Radley Balko brings up some thoughtful reservations about the NBC show, To Catch a Predator.
Sunday, December 30, 2007
Thursday, December 20, 2007
Wednesday, December 19, 2007
A few friends and I were hanging out out at a bookstore on the night of the release of the final Harry Potter novel over the summer. I figured that it was the last book, so I had to take advantage of the last possible time where you would have masses of children and adults dressed as wizards and witches cramming bookstores across the country.
Anyway, the subject of spoilers came up, as it inevitably does when people are in anticipation of an enormous phenomenon of popular culture such as this the final installment of Harry Potter. The threat of a spoiler ruining someone's enjoyment for something like this is especially real when the media product is a book, where someone can quickly flip to the last chapter and obnoxiously shout out the ending. Of course, the victim has no way of verifying whether or not the work would be actually spoiled, or if the offender just made something up plausible enough to annoy the victim.
On the subject of spoilers, a friend remarked that it would be particularly low to conduct a drive-by spoiler, shouting out from a moving vehicle a real spoiler to people who have clearly just purchased the book. It's funny and immoral, comedic and evil, all at the same time.
Now, libertarians who concern themselves with deontological ethics argue against the initiation of force. This clearly includes fraud, of which the vehicle is language. Freedom of speech also doesn't cover the incitement of violence. You can't legally or morally yell "fire" in a crowded theater. What about a spoiler though, and it's harsher relative, the drive-by spoiler? Is this an initiation of force? One person is ruining a product for someone else, against their will. Now, I doubt if someone has ever actually tried to take this up in court. I would hope that this wouldn't ever get to a court. On the one hand, this hardly passes the "giggle test." On the other hand, it seems that there is a real victim here. Still, I'm not a fan of government intervention in anything really. It seems like this couldn't be solved through the government, and if an agent of the government even tried to fix this, it would be simply unenforceable. Furthermore, how could you determine the quantitative value of ruining someone's enjoyment of Harry Potter? It's clearly more than just the price of the book, and it's different for everyone. It would seem that no law could come close to delivering justice.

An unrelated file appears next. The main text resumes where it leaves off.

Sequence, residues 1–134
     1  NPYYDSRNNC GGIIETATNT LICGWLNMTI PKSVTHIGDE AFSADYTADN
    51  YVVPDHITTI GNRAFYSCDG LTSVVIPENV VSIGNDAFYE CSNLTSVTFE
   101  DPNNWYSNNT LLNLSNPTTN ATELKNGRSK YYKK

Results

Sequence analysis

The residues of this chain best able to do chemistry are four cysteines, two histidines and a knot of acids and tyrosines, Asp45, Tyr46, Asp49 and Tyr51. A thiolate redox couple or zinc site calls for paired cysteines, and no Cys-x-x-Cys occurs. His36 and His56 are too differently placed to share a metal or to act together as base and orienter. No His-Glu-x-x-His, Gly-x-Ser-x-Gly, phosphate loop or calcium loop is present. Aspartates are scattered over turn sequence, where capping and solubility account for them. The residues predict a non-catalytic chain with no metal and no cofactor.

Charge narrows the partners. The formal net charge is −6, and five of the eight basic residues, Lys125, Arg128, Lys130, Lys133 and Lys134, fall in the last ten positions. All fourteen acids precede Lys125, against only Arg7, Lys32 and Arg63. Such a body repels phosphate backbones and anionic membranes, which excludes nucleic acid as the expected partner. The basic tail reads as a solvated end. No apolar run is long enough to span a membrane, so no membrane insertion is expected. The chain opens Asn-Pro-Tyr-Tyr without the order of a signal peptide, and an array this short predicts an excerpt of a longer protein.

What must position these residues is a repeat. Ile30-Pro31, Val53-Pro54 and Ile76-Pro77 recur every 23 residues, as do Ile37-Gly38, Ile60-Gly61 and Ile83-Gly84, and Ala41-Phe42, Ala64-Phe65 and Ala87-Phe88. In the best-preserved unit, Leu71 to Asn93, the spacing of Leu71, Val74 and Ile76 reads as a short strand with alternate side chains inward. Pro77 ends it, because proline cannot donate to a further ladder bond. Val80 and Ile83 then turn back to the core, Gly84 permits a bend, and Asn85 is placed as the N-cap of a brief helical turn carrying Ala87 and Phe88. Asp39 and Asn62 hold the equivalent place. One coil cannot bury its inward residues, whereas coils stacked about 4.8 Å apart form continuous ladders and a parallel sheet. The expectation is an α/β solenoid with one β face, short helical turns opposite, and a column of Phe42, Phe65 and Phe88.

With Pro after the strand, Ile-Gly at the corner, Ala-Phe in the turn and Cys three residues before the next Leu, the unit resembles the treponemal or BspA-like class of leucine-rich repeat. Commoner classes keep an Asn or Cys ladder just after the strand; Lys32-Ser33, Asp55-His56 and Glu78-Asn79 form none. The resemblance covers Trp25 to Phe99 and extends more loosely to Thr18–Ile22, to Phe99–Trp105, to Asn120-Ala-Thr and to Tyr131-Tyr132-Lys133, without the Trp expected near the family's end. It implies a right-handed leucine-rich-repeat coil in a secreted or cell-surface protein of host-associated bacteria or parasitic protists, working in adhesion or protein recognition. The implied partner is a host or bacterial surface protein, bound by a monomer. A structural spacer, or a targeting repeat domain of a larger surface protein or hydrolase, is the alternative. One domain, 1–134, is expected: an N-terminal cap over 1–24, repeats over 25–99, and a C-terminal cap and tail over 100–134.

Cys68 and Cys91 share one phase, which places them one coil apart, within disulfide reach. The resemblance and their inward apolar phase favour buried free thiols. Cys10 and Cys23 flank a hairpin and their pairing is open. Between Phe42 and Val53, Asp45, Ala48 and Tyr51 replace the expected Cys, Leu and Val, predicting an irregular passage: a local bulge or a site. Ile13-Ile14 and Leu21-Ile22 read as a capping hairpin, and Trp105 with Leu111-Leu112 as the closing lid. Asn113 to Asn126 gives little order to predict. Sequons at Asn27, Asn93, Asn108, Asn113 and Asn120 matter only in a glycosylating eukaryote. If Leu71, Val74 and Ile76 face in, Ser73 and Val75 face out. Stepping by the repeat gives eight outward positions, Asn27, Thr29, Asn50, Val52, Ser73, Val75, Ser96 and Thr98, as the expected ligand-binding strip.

This whole puzzle seems like a interesting philosophical question for debate. Pass this tidbit along to your friends, and it's cool for you to say, "That awesome blogger Seth Goldin thought of this interesting situation. What do you think of this?"
By the way, a quick search on Google right now of "drive-by spoilers" returns 149,000 pages. I thought the idea of such a transgression as I've described here was a bit more original. I think I see some videos on YouTube for drive-by spoilers concerning Harry Potter. I will definitely have to go check those out.
Posted by Seth Goldin at 8:38 PM
Tuesday, December 18, 2007
Sunday, December 16, 2007